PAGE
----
Dick Clark dies at 82 

click to enlarge Dick Clark stands onstage during a tribute to him at the 58th annual Primetime Emmy Awards at the Shrine Auditorium in Los Angeles in this August 27, 2006, file photo. - REUTERS/MIKE BLAKE/FILES
  • REUTERS/Mike Blake/Files
  • Dick Clark stands onstage during a tribute to him at the 58th annual Primetime Emmy Awards at the Shrine Auditorium in Los Angeles in this August 27, 2006, file photo.

Iconic television star and producer Dick Clark, whose youthful looks and vigor gained him the  nickname "America's Oldest Teenager" as he built an "American Bandstand" gig into an entertainment empire, has died of a heart attack, his publicist confirms to TheWrap. He was 82.

In six decades in broadcasting, Clark hosted series ranging from the game show "Pyramid" to "TV"s Bloopers and Practical Jokes" to "New Years' Rockin' Eve." His Dick Clark Productions also produced the Golden Globes awards telecast.

Known for his catchphrase "For now, Dick Clark... so long!" he continued to appear on the New Year's celebration even after handing off hosting duties to Ryan Seacrest following a massive stroke in 2004.

Since starting the celebration in 1972, he missed out on hosting only twice: In 1999/2000, when ABC replaced the special with turn-of-the-century coverage, and after the stroke in 2004/2005.

"I am deeply saddened by the loss of my dear friend Dick Clark. He has truly been one of the greatest influences in my life," Seacrest said.

Born Nov. 30, 1929, he began his broadcasting career after graduating high school, working at WRUN-AM radio in Rome, N.Y., a station run by his uncle and father. He quickly moved from office duties to delivering the weather and delivering station breaks. He moved to the Philadelphia area in 1952 and joined TV and radio station WFIL, which had just latched onto the new trend of playing pop and rock records on-air.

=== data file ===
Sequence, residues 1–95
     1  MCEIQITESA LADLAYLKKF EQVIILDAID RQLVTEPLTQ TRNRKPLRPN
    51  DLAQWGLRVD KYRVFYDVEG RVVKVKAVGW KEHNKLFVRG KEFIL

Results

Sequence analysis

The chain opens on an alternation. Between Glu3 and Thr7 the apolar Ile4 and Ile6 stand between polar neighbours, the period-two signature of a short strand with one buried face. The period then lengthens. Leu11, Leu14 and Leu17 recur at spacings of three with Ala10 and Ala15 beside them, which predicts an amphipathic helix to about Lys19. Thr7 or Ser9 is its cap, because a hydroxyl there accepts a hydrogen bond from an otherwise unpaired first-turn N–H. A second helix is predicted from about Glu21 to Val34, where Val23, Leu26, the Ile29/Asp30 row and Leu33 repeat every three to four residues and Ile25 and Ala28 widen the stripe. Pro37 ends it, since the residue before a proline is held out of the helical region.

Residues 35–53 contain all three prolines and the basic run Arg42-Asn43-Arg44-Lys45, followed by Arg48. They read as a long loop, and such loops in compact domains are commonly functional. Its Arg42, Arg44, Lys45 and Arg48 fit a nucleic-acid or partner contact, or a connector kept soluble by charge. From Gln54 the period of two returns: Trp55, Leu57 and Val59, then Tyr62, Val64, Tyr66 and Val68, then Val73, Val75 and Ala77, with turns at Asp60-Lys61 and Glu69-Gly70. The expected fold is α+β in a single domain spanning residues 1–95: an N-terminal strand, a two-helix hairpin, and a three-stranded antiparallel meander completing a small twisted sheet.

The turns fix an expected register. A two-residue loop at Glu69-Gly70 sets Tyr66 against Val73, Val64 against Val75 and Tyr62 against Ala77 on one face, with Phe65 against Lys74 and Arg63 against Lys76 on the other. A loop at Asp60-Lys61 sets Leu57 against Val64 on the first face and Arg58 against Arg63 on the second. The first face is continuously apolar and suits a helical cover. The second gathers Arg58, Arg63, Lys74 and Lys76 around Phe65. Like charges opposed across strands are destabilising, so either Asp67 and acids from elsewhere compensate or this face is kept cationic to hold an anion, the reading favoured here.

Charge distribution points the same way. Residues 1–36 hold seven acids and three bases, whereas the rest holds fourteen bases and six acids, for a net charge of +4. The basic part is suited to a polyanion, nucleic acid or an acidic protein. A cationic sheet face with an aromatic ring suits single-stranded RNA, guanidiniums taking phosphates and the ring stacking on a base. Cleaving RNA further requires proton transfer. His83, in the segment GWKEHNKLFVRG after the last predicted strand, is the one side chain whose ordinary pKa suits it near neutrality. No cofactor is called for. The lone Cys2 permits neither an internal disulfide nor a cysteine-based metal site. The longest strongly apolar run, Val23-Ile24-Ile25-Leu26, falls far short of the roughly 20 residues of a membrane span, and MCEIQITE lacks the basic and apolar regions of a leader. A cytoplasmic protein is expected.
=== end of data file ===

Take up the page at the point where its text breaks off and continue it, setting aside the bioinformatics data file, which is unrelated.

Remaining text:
After filling in for Bob Horn, who hosted a TV show that featured teenagers dancing to the records, Clark assumed hosting duties in 1956. The show went national the next year, exposing Americans to such rock legends as Elvis Presley and Chuck Berry. It ran in syndication and later on USA until 1989.

Clark, who kept his roots in radio by counting down top 40 hits for decades, began hosting the first of many versions of "Pyramid" in 1973. In 1984, he began collaborating with his former Philadelphia neighbor, Ed McMahon, on "TV's Bloopers and Practical Jokes," which featured outtakes and celebrity pranks.

He hosted several other game shows -- sometimes at the same time -- while also popping up as himself in films and TV shows including "Confessions of a Dangerous Mind," "The Fresh Prince of Bel Air," and "Dharma and Greg."

From 2001-03, he was one of the panelists on "The Other Half," serving as a male counterpart to Barbara Walters on the show intended as a male answer to "The View."

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